Friday, October 27, 2017

Reflections on OESIS Boston: Humanities without Textbooks & Bringing Poetry to the MakerSpace

Two weeks ago, I attended the OESIS conference in Boston, MA, and I’m still processing all the things I learned over such a short period of time. I had the privilege of sitting on two panels, one on online collaboration and another on student agency, as well as presenting with my colleague, Joel Garza, on some of our previous collaborative projects.

I wanted take a moment to share some notes and observations about a couple sessions I attended that relate to English instruction (Also, for more reflections on OESIS Boston, check out the article just published by Global Online Academy, The Power of Networks: 10 Ways Schools Are Tackling Innovation):

1. Humanities without the Narrative by Deborah Shaul from La Jolla Country Day School

Deborah’s session was about blending a US History curriculum with an American Literature class without using an anchor textbook for the course. When Deborah ditched the textbook, it freed her to approach the content in a less linear fashion, and instead, scope and sequencing were often shaped or influenced by the interests and choices of the students as they immersed themselves in a deeper, more interconnected investigation of American literature and history. As she stressed, by allowing to make more choices as to what primary documents they wanted to research, the teacher and the author of the textbook were no longer the “keeper of the keys” to the narrative. One thing I appreciated about Deborah’s session was her candidness about student and parent responses, which were not always positive. Doing away with the textbook created fear and anxiety for some. They weren’t always sure what to study or how to do so, but I think such push back always happens when we truly turn over agency to students in relation to their learning. Why do some students prefer having a textbook?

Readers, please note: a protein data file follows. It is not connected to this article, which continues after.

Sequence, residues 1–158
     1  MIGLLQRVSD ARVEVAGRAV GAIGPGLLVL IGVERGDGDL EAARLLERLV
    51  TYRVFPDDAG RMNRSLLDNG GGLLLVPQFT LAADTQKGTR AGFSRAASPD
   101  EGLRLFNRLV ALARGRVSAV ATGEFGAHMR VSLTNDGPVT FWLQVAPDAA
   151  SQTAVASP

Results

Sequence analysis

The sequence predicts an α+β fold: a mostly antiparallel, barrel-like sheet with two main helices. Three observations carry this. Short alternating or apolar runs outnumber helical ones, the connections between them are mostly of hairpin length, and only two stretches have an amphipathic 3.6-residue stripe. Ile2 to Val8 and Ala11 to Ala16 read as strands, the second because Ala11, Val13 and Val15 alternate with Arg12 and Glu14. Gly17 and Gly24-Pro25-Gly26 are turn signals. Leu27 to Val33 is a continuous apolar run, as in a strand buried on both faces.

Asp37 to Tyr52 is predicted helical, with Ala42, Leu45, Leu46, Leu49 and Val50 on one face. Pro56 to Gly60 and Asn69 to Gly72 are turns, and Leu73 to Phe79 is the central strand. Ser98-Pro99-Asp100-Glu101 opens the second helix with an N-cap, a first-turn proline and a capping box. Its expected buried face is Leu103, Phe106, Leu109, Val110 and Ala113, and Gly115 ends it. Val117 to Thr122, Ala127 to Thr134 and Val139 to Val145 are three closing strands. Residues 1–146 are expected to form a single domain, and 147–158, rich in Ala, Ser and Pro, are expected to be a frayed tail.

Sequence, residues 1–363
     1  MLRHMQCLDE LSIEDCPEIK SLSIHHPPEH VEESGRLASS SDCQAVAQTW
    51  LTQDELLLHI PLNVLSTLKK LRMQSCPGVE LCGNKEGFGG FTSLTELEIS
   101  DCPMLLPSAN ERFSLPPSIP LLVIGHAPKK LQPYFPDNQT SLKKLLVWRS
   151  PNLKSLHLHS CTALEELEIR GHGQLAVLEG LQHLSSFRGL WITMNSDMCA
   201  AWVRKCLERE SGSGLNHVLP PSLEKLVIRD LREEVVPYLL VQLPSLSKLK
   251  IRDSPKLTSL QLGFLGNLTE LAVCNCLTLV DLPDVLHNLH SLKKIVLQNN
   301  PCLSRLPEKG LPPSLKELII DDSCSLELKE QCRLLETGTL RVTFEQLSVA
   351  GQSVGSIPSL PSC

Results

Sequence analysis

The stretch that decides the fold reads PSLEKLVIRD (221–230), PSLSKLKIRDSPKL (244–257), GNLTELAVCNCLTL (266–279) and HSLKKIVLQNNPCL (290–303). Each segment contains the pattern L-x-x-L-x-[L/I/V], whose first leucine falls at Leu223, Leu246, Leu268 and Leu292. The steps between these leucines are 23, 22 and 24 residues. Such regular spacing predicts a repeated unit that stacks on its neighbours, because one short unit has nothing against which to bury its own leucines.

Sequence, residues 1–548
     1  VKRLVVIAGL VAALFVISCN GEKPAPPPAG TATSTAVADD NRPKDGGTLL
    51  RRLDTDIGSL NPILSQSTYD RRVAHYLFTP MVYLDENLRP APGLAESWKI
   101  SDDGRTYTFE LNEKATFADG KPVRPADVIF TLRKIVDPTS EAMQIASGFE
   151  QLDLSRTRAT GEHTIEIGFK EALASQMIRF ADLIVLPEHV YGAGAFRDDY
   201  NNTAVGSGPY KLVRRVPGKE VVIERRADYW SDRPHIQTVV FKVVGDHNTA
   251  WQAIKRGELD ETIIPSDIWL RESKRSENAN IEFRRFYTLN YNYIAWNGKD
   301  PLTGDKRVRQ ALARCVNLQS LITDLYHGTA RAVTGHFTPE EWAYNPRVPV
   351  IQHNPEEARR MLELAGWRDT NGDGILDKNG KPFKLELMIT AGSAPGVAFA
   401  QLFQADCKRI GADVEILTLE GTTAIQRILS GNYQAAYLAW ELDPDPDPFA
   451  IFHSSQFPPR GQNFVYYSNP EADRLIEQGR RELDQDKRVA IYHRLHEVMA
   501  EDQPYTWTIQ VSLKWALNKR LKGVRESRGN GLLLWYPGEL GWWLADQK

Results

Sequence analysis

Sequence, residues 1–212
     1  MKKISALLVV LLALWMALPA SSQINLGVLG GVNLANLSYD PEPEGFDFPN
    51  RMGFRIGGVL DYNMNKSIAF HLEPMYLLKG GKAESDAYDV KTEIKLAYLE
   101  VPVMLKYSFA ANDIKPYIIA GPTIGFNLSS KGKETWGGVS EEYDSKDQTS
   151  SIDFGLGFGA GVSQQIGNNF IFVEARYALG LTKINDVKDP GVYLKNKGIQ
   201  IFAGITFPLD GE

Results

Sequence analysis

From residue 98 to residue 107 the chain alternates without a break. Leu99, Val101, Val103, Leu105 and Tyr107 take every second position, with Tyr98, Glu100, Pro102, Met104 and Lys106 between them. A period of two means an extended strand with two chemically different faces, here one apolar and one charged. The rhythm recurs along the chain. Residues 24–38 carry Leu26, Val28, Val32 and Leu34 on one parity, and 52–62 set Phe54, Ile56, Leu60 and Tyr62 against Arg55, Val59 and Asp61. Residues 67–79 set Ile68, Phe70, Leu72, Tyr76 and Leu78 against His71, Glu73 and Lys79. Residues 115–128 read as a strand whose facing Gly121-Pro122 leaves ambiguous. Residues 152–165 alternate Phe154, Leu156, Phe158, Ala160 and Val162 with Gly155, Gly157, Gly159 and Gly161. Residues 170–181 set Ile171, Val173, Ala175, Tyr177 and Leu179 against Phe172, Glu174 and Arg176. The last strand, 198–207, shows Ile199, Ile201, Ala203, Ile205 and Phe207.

(a) It serves as a security blanket because the answers are explicitly provided
(b) Students don’t always trust their own answers nor those of their peers
(c) It’s easier to perform well on a test when one can memorize pre-packaged content

She surveyed her students, asking them how they prefer to learn, and Deborah was a little disappointed to see that many students still prefer lecture/power point formats. However, I think it’s important to step back and ask ourselves: are students conflating “getting good grades” with learning? Perhaps the survey results reflect that kind of confusion that one would expect from the average independent school learner whose main priority is his or her transcript.

If you have more questions, you can reach out to Deborah at @Dshaul3.

2. Discovering Poetry Through Maker-Space Projects by Amy Alsip from The Oakridge School

Amy shared with us a project she did where students made poetry as well as artifacts inspired by their literary creations in the context of a MakerSpace. One through-line I noticed that connects Amy’s project to Deborah’s curricular innovations was the role of student agency in each scenario. Students would enter the MakerSpace, and there were several stations/choices for poetry creation:

(a) Dice Roll haikus
(b) Using book spines to create poetry
(c) Using the name of paint samples to create poetry
(d) “Blackout poetry” using markers and a found text (like a newspaper)
(e) Using scrabble games to construct poetry
And there were a few more stations that escape me now…

Amy Alsip presenting her poetry/maker project at OESIS Boston
Students would then share their 20+ poetry creations with peers to get feedback. Once they had selected their favorite 3-5 poems, each poet would return to the MakerSpace to create an artifact inspired by the poem in question, and once again, they had many options:

(a) Coding
(b) Sowing
(c) 3D Printing
(d) Repurposing found materials
(e) Circuitry Boxes
(f) Legos
Again, I believe there were 1 or 2 more options that I cannot recall now

The whole project culminated in a poetry read-aloud night at the school for the community to attend. Of course, the students got to showcase their fabrications as well. As an English teacher, I like how a project like this reminds us that English classes have always been spaces for making.

If you have more questions, you can reach out to Amy at @amyalsip.

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